1. Aim to have the overwhelming majority of frequent changes automated with continuous integration and delivery (CI/CD) and Infrastructure as Code (IaC) tools. Ensure that these tools are configured to push changes, but also support rollbacks when required.
  2. Leverage change management tools like Jira Service Desk that connect developers, testers, and operations on the schedule and context of upcoming changes.
  3. Document the request for changes (RFCs) and post-implementation reviews (PIRs) in a centralized wiki, like Confluence, with many fields pre-populated from Jira Software and other integrated development and operational tools.
  4. Leverage StarCIO Agile Planning so that collaborations around the risk and impact of changes are made transparent early when planning for releases. 
  5. Rename the CAB to the Change Consultative Partners (CCP), with a restated mission of helping and consulting with teams on implementing successful changes. This group goes beyond advisory and consults with teams on best practices. And instead of being a commanding board, they now partner with Agile and operations teams and enable successful changes.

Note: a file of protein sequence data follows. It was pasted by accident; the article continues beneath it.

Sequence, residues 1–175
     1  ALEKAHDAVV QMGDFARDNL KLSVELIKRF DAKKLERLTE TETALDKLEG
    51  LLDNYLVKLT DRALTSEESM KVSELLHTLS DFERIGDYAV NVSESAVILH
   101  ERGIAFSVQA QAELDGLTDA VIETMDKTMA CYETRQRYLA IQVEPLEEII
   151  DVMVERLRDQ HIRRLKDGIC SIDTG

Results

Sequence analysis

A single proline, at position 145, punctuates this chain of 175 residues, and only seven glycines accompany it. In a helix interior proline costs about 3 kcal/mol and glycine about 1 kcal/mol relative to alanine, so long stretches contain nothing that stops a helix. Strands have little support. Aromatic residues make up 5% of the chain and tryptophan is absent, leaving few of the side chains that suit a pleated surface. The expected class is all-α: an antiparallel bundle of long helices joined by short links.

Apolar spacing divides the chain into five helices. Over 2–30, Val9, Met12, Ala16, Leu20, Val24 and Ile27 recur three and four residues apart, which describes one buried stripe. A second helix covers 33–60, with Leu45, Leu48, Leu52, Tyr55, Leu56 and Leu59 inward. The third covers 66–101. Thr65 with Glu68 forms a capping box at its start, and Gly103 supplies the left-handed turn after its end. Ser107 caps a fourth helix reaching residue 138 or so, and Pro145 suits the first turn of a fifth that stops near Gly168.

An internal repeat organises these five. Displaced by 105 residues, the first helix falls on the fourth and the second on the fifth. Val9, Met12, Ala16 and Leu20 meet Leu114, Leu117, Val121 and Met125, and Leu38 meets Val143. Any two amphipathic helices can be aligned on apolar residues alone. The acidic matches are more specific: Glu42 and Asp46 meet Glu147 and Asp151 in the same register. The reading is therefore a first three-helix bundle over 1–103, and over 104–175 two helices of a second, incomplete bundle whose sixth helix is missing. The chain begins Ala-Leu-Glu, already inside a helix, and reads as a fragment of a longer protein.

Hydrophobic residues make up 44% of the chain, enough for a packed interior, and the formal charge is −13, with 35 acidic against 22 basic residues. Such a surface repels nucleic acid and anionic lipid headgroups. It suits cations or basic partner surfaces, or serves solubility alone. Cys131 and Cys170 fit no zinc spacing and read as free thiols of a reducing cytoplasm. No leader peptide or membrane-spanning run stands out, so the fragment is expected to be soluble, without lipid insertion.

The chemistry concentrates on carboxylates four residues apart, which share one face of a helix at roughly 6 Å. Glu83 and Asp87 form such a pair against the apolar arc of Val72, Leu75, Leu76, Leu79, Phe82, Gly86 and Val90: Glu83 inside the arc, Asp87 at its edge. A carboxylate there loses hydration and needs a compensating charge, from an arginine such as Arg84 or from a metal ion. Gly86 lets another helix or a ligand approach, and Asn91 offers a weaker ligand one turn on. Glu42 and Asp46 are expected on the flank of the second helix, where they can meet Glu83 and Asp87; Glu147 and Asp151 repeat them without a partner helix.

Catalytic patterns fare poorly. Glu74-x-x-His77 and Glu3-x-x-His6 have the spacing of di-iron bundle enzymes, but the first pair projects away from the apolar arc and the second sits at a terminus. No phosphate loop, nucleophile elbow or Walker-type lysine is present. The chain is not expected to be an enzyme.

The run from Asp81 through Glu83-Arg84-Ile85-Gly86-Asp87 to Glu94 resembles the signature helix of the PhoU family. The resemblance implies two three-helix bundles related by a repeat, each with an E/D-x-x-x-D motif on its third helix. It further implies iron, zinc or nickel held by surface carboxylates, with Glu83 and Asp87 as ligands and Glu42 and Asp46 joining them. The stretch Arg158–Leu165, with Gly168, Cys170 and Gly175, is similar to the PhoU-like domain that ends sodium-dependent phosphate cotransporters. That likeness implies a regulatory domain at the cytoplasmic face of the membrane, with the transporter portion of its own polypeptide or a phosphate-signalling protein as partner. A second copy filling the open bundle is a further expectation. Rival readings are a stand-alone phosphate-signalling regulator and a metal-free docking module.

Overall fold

6. Educate developers, testers, and operations on change requirements, best practices on automating changes, where to find the tools like RFCs and change schedules, and their responsibilities on reviewing upcoming changes.
  7. Integrate the CMDB with Jira Service Desk to ensure that this database is updated when changes are approved.
  8. Configure a workflow in Jira Service Desk to support the CCP review process. This can validate proposed schedules for conflicts, automate approval for low-risk changes, notify multiple teams on upcoming changes, update the CMDB, and close releases in Jira Software.
  9. Integrate Jira with Slack or Zoom to support virtual CCP discussions for when automated approvals are not sufficient and requested changes require additional collaboration. 
  10. Service-oriented IT departments should also tackle other ITSM improvements, including request management, major incident management, root cause analysis, and IT knowledge management, using integrated tools like Jira Service Desk, Confluence, and OpsGenie.
  11. Larger IT organizations should consider restating key performance indicators (KPIs) tied to the degree of automation, successful changes, and others that incentivize teams on target improvements and behaviors.